background colors quickly then returns to normal and the doesn't-work- 
in-outside-ieness of Have your visitors easily bookmark your site  
into their browser favorites ... I would avoid this. It might be  
cheap, but any reward for producing something of that quality would be  
too much.


-- 
David Dorward
http://dorward.me.uk/
http://blog.dorward.me.uk/




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Re: [WSG] animated scroll

2008-04-24 Thread David Dorward


On 24 Apr 2008, at 13:36, Ted Drake wrote:


Ah, where's your sense of adventure?


Buried under a desire not to see people rewarded for lowering the  
quality of the WWW :)


--
David Dorward
http://dorward.me.uk/
http://blog.dorward.me.uk/




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Re: R: [WSG] Semantic menu implementation suggestions?

2008-04-24 Thread Richard Johnson
Wow! Thanks so much Diego!

On 24/04/2008, Diego La Monica [EMAIL PROTECTED] wrote:

  Furthermore, to make your life really easy now, you have to do only a
 cutpaste of the code shown on the following page: 
 http://diegolamonica.info/test/WSG/menu/menu.htm



 - Full xhtml compliat,

 - works with: firefox 2.0, Safari for Windows, Internet Explorer 7 and
 Opera.



 Maybe it will be a good starting point.



 Regards.

 Diego La Monica

 Web 2.0 - Standards - Accessibilità

 mobile: +39 3337235382 - skype: diego.la.monica

 web: http://diegolamonica.info - http://jastegg.it


   --

 *Da:* [EMAIL PROTECTED] [mailto:[EMAIL PROTECTED] *Per
 conto di *Diego La Monica
 *Inviato:* giovedì 24 aprile 2008 11.54
 *A:* wsg@webstandardsgroup.org
 *Oggetto:* R: [WSG] Semantic menu implementation suggestions?



 Hi Richard,

   you can try to make it with something like this:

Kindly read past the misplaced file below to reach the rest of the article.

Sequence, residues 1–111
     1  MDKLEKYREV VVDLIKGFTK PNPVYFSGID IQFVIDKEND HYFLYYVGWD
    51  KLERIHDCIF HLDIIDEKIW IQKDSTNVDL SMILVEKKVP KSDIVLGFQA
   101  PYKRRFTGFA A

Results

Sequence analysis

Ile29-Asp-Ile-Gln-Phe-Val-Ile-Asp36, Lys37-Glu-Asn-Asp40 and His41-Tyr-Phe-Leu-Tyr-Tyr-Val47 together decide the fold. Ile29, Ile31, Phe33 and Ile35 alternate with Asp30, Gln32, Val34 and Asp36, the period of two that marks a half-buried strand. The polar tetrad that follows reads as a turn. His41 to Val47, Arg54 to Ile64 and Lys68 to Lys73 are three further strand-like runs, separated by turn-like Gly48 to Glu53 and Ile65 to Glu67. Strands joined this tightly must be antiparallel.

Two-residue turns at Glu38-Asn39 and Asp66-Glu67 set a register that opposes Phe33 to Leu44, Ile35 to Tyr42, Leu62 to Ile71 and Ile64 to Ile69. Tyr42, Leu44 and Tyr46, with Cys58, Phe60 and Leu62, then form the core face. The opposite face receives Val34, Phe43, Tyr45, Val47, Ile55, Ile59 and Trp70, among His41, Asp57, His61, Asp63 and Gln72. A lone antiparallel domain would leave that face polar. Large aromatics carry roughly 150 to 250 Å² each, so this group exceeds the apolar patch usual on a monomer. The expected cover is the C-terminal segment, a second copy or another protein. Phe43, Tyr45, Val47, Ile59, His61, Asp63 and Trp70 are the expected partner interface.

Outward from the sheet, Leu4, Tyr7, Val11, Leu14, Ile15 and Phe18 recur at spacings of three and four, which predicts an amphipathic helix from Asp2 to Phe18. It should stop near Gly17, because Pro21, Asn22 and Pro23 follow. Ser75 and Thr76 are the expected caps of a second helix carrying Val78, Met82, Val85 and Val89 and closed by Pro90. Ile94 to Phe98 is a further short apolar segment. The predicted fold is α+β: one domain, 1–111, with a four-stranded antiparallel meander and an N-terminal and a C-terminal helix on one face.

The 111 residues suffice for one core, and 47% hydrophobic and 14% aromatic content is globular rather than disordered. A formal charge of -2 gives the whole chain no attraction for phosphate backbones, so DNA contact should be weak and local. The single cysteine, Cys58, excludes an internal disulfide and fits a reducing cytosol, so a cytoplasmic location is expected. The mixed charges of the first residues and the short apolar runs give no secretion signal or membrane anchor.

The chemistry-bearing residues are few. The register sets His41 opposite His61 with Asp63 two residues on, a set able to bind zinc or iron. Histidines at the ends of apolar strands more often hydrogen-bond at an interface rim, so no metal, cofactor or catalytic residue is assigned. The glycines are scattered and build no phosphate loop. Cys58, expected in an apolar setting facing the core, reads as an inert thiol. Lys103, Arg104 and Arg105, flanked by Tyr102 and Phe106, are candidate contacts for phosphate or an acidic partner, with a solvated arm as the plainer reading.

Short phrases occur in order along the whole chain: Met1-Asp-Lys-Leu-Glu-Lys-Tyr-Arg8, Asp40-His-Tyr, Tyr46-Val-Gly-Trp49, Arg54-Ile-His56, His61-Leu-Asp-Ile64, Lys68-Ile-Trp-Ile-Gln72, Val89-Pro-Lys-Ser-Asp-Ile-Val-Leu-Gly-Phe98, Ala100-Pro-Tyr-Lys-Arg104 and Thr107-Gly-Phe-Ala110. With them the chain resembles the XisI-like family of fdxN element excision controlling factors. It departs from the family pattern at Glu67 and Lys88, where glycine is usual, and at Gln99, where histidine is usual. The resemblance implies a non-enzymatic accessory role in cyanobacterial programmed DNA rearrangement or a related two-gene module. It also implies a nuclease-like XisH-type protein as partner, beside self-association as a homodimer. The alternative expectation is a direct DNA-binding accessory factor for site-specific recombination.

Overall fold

ul id=black-menu

 li id=homeBack home/li

 li id=rssRSS/li

 li id=sitemapSite map/li

 li id=search-box

 form

label for=qSearch:/label

input type=text name=q id=q /

input type=image alt=do Search
 src=… /

 /form

 /li

 /ul



 And apply the style by CSS. How? Each black-menu will have a black
 background, each li item will have the circular black image with each symbol
 and the input[type=image] will have the Submit image.



 Hoping the suggestions will be useful to you.



 Best regards!



 Diego La Monica

 Web 2.0 - Standards - Accessibilità

 mobile: +39 3337235382 - skype: diego.la.monica

 web: http://diegolamonica.info - http://jastegg.it


   --

 *Da:* [EMAIL PROTECTED] [mailto:[EMAIL PROTECTED] *Per
 conto di *Richard Johnson
 *Inviato:* giovedì 24 aprile 2008 10.48
 *A:* wsg@webstandardsgroup.org
 *Oggetto:* [WSG] Semantic menu implementation suggestions?



 Hi Everyone!

 I need to build this menu in XHTML 1.0 Strict, See attached... Can anyone
 suggest a good way to implement this? I have built the search which was
 quite easy.

 Cheers,
 --
 Richard Johnson

 ==
 Landline: +44 (0) 207 183 8877
 E-mail: [EMAIL PROTECTED]
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-- 
Richard Johnson

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[WSG] Can you spare 5 minutes to do a study?

2008-04-24 Thread Jessica Enders
Formulate Information Design is conducting a follow-up to our 2007  
study on data table formatting (the results of which should be  
published in A List Apart shortly).


We need your help - the more participants we get the greater the  
chance we can draw conclusions from the study that designers and  
developers like you can use.


The study is anonymous and takes less than 5 minutes.

To do the study, visit http://surveys.formulate.com.au/dtfu/, or you  
can read more about the study here: http://formulate.com.au/research/ 
data-tables-follow-up/.


Please pass on to as many people as you like.

With thanks,


Jessica Enders
Director
Formulate Information Design

http://formulate.com.au

Phone: (02) 6116 8765
Fax: (02) 8456 5916
PO Box 5108
Braddon ACT 2612